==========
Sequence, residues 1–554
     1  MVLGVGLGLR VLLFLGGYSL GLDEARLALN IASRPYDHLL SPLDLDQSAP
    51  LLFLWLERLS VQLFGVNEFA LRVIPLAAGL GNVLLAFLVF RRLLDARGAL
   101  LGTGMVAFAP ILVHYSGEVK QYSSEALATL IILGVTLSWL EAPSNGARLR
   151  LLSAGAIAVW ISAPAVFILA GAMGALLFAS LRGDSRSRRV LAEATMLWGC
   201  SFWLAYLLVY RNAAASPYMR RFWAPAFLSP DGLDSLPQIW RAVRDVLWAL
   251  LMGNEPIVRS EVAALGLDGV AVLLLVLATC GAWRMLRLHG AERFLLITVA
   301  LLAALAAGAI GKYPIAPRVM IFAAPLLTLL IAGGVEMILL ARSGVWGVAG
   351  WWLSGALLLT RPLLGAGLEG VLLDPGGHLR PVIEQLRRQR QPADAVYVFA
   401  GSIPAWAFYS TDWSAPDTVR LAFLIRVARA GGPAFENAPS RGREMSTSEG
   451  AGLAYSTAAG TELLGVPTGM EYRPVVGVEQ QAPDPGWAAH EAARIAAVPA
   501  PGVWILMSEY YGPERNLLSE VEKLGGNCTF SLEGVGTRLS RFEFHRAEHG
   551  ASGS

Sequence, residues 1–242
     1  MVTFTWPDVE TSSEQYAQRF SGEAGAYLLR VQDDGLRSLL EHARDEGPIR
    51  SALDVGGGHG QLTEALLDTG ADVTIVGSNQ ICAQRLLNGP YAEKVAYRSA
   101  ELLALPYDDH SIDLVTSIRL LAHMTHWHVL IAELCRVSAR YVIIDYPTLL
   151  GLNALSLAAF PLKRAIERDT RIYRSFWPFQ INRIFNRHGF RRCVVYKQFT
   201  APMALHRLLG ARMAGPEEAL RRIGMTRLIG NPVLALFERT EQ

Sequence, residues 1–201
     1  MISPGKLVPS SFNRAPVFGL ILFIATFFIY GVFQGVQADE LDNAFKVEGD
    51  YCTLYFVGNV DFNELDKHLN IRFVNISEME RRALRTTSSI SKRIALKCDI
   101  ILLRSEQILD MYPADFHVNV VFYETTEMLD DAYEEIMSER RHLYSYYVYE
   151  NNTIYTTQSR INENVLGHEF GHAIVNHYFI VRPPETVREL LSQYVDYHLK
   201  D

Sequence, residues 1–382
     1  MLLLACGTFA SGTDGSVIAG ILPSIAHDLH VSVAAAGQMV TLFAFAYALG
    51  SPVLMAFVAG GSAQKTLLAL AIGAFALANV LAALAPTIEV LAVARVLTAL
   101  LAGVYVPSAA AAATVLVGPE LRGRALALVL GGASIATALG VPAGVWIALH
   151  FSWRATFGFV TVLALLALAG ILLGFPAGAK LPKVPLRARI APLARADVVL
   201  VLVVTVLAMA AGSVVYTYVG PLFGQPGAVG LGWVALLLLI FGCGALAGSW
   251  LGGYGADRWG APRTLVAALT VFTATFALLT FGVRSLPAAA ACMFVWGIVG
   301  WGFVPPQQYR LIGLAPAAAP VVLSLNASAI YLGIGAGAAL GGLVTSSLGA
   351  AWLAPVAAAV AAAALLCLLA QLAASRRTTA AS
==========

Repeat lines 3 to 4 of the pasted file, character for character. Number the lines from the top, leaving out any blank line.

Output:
    51  LLFLWLERLS VQLFGVNEFA LRVIPLAAGL GNVLLAFLVF RRLLDARGAL
   101  LGTGMVAFAP ILVHYSGEVK QYSSEALATL IILGVTLSWL EAPSNGARLR